A third order accurate cellwise relaxation implicit DG scheme for RANS simulations using unstructured hybrid meshes is presented. In order to find a proper construction method of the implicit matrix for the viscous terms, we first consider a scalar parabolic equation. It is shown that those terms corresponding to linearization of the derivative terms for the conservative variables should be retained in the implicit matrix for the third and fourth order accurate cellwise relaxation implicit DG scheme. In addition, the matrix-simplification with SOR method is proposed to substantially reduce the computational cost. Utilizing the expertise learned in the study of solving the parabolic equation, the third order accurate cellwise relaxation implicit DG scheme for RANS equations is successfully developed. In the calculations of laminar and turbulent boundary layer flow and also vortical flowfield over a double-delta wing, not only the marked numerical stability but also the superior spatial accuracy of the present third order cellwise relaxation implicit DG scheme are well demonstrated.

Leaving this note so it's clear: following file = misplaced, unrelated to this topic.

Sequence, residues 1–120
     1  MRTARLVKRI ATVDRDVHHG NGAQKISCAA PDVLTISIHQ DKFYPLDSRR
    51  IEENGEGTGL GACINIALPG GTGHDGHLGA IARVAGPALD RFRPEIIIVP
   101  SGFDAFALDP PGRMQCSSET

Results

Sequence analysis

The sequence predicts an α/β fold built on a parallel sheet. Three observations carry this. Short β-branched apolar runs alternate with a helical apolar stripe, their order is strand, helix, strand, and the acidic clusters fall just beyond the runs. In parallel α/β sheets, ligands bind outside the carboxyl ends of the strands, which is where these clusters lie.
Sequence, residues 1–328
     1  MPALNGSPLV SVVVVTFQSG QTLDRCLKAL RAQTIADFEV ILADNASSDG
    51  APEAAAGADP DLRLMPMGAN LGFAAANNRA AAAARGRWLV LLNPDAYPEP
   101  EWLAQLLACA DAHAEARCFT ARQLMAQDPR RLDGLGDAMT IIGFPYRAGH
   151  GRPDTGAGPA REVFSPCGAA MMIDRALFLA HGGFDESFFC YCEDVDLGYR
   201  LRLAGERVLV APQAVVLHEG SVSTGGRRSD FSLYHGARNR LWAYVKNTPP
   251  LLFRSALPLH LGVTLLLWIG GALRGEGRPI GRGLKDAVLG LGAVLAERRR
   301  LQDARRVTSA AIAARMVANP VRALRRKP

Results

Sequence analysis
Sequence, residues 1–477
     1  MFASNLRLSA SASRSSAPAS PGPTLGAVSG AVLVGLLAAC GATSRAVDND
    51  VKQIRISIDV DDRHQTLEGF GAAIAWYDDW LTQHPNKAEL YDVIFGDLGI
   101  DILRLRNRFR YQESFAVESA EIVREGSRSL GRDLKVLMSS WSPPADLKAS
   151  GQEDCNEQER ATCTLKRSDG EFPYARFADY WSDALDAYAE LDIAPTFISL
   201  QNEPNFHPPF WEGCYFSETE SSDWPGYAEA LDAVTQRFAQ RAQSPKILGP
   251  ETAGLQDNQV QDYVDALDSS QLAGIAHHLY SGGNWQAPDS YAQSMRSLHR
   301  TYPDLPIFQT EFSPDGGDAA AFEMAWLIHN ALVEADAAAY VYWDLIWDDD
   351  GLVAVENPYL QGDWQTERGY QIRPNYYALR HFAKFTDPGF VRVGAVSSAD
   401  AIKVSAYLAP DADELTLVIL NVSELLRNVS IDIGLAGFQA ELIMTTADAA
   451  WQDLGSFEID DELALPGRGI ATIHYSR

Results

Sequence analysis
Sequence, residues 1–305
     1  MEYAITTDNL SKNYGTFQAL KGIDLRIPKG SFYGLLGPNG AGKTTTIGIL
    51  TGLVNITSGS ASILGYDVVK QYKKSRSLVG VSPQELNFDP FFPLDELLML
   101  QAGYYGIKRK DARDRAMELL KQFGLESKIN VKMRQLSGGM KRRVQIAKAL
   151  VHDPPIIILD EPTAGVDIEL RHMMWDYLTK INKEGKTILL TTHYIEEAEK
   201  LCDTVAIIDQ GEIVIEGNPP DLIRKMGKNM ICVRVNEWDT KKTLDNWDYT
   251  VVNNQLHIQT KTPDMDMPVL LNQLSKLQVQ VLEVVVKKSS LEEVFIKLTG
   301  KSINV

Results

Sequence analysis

Conflict of Interests

The authors declare that there is no conflict of interests regarding the publication of this paper.

References

  1. B. Cockburn and C.-W. Shu, “TVB Runge-Kutta local projection discontinuous Galerkin finite element method for conservation laws. II. GENeral framework,” Mathematics of Computation, vol. 52, no. 186, pp. 411–435, 1989. View at Publisher · View at Google Scholar · View at MathSciNet
  2. H. Luo, J. D. Baum, and R. Lohner, “A p-multigrid discontinuous Galerkin method for the Euler equations on unstructured grids,” Journal of Computational Physics, vol. 211, no. 2, pp. 767–783, 2006. View at Publisher · View at Google Scholar · View at MathSciNet · View at Scopus
  3. K. Yasue, M. Furudate, N. Ohnishi, and K. Sawada, “Implicit discontinuous Galerkin method for RANS simulation utilizing pointwise relaxation algorithm,” Communications in Computational Physics, vol. 7, no. 3, pp. 510–533, 2010. View at Publisher · View at Google Scholar · View at MathSciNet · View at Scopus